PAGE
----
The club as we now know it was founded in 1949 and its purpose then was to promote interest in German language and culture: in those post-WWII days many similar German Clubs sprang up throughout the UK, the first of them being the Coventry German Circle. Today, more than 70 years on, our Club is still about promoting interest in the language and culture of German-speaking countries. With the enormous appeal of Germany, Austria and Switzerland as study, work or travel destinations many of our members have joined to learn more about the countries they've visited and love.
In 2019 we celebrated the 70th anniversary of the Cheltenham German Club - but it seems there was a German Club in the town much earlier. It is hoped that some of you may have info to add to these notes I have made, do let me know. Where did the club meet? When was it founded? Who was the president or chairman?
The first reference comes in 1935. A Cheltenham solicitor, George Booy, attended a German Club meeting. At this meeting a letter, addressed to The Secretary, The German Club, Cheltenham was read out. It was from a young German student, Hansi Schulze, who was studying English at Berlin University. He wished to come to England and needed to establish a connection as at that time one could only take 10 marks out of Germany. George and his sister Anne invited Hansi to come and stay with them. Hansi's cousin was Lore who left Germany at the end of 1948 and married George. Lore Booy was our dearly treasured senior member.
The next reference to a club here comes in 1939. A person in Coventry researching his family tree asked if we had any information we might contribute. Both his parents were from Vienna but met in England. The heading at the top of his father's wedding speech was "Wedding Party for Grete Stary and Leopold Haar, in the Austrian-German Club on Sunday 3rd December 1939 in Cheltenham." Grete's guarantor was Councillor Lipson who lived in Bath Road and who was Mayor 1935 -37. Leopold became Leslie Hare and served as an interpreter in camps for German prisoners of war.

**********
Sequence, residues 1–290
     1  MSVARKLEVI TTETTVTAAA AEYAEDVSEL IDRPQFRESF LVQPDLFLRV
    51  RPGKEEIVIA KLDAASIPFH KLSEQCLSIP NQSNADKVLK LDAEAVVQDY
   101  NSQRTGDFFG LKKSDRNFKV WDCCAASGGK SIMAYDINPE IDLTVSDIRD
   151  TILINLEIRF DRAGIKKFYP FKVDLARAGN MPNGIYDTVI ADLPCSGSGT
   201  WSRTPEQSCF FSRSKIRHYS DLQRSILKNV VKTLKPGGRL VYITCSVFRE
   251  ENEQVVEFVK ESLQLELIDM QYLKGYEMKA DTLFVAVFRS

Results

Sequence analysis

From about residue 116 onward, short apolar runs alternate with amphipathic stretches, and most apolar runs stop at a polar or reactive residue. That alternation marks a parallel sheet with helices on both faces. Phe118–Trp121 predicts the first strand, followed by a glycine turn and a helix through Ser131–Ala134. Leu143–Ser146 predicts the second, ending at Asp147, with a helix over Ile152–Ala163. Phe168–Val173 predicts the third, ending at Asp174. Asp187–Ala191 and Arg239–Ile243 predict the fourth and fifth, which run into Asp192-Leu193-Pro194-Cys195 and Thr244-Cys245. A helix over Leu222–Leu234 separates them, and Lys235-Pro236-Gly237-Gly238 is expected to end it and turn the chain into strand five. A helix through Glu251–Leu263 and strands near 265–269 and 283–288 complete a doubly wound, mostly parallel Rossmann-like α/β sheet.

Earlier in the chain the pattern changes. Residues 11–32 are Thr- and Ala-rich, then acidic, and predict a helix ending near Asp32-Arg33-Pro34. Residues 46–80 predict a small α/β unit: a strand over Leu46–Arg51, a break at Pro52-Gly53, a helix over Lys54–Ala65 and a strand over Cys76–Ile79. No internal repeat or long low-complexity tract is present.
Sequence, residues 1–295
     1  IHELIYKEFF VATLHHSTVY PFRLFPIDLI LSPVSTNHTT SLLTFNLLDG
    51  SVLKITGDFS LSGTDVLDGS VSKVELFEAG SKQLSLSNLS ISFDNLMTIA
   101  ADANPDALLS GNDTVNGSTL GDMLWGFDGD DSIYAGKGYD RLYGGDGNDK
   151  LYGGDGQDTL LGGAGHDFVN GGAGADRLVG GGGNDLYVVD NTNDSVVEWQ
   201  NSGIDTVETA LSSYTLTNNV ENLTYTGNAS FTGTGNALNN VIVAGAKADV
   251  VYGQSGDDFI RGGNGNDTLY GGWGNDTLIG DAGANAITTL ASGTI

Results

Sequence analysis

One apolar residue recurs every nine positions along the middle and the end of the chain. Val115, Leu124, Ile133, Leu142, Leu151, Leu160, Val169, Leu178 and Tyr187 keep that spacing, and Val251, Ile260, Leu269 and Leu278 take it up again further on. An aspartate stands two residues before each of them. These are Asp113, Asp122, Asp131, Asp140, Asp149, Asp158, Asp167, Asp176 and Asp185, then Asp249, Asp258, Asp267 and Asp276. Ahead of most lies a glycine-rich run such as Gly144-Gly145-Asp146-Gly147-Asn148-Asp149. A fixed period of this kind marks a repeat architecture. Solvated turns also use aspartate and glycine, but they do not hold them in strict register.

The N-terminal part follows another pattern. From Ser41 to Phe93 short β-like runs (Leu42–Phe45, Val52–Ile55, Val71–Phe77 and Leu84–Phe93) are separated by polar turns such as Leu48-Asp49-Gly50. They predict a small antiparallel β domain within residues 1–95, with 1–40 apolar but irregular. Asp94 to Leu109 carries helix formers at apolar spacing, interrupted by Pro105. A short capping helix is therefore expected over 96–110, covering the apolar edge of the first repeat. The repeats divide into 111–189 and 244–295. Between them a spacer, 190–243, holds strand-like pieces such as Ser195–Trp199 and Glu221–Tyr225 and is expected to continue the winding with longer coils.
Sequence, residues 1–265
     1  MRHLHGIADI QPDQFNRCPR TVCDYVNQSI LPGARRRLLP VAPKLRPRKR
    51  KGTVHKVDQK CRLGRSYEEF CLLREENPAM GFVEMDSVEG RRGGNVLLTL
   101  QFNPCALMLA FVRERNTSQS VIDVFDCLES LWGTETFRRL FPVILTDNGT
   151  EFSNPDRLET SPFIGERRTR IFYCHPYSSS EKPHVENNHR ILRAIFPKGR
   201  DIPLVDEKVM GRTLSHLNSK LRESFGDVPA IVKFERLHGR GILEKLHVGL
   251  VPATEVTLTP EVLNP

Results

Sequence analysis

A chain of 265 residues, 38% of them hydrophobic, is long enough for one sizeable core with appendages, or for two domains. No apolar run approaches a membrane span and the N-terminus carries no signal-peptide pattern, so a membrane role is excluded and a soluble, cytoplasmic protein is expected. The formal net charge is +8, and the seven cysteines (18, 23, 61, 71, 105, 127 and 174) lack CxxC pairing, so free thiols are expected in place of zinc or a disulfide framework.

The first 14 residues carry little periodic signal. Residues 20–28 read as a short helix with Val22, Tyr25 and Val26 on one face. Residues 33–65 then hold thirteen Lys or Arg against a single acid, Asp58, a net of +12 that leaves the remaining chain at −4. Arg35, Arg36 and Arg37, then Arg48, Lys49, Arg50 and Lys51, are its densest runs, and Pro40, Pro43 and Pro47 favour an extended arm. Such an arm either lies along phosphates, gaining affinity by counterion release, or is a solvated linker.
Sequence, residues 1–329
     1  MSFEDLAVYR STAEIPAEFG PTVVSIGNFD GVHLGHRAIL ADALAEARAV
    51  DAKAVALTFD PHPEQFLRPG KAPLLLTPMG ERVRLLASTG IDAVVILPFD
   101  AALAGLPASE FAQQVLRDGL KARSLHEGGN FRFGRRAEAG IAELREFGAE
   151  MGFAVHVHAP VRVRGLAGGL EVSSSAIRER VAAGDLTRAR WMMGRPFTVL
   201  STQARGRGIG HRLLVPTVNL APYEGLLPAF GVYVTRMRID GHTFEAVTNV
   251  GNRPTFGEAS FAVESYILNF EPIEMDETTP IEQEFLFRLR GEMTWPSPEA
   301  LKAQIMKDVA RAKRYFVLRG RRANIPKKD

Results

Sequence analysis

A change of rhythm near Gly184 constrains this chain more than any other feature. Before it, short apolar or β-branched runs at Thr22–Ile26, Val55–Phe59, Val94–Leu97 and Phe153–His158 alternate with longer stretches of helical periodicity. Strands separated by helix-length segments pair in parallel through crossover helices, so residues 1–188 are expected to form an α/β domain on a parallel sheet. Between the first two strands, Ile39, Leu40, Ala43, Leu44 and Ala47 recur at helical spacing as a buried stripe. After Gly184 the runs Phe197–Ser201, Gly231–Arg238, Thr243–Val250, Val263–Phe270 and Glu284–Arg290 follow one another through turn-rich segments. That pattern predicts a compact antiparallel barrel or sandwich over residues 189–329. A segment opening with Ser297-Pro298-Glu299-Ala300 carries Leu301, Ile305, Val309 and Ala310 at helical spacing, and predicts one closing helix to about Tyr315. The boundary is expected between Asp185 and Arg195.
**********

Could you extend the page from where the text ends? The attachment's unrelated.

The third reference to a club is from Susie in paragraph 3 below: "Well I was born in 1935 in Nuremberg…my grandparents had a factory which made Christmas tree decorations. However, because they were of Jewish extraction, in the KrystalNacht in November 1938 my father and my grandmother were arrested, taken to prison, and in prison had to sign a paper saying they were giving the factory and our house to the Nazi Party of their own free will… We fled to Hamburg, and from there an aunt of mine who lived in England said come to England. My father found a job in Cheltenham with Spirax Sarco …so we moved to Cheltenham. My aunt said chose whichever school you like, I will pay for your education. I said oh those buildings are lovely, I would like to stay here, but of course at that time we had no idea what it meant to choose the Cheltenham Ladies’ College. I learnt English very quickly, I even stopped speaking German… I felt very English, I liked being in Cheltenham, but of course for my parents it was a dreadful situation because they had no money whatsoever. My mother worked as a volunteer twice a week at the Queen’s Hotel which was then an American Officers Club. My father was a fire warden, and then he had his allotment and he liked being in England…he was interned for six months in Scotland. My mother and I could stay in Cheltenham, and I remember sitting on the bed, my mother next to me and she was crying and I was saying don’t be so silly, pull yourself together. We were sitting on the stairs in the cellar when the bombs were dropping, because Cheltenham was bombed in the 1940s, some people said aha, your friends’ up there, but it wasn’t in a hostile way. And in the park, in Montpelier Gardens she was talking to people, and they said where are you from, she then suddenly realised it was better to say Bavaria, because people didn’t know if Bavaria was in Germany or in Switzerland, or in Austria. And then of course when we were always looking for new flats, because people were taking in friends who had been bombed out, or something like that, that was a bit difficult because they said we would rather take Londoners who were bombed out than Germans, but I mean that’s quite understandable, one can’t be annoyed about that. Oh there was a refugee club, a large refugee club in Cheltenham, and they gave concerts and the English people came there too, and I remember they once had a concert and I must have been about seven, and a little English girl and I, we both played piano solos, and it was in the Gloucestershire Echo, I was very proud of that. Well I heard that the war was over; I was having a piano lesson at the College, and the caretaker came in, closed the window and said the war’s over — and I got so excited I couldn’t carry on playing, it was incredible. And my mother had been in the cinema, the Regal cinema on the Promenade and they suddenly flashed on the screen ‘The War is Over’, so of course everyone dashed home and… I remember people congregating when it was dark in Montpelier Gardens, and some people wore pyjamas… In September 1946 we went back, we got the factory back, although most of it had been bombed.. we got our house back as well, but we never got refunded for all the things we had lost." Cheltenham German Club is grateful to Susie Schulenburg and the Stratford upon Avon Society for the extract above, the full fascinating document may be read on the site below. 'WW2 People's War is an online archive of wartime memories contributed by members of the public and gathered by the BBC. The archive can be found at bbc.co.uk/ww2peopleswar'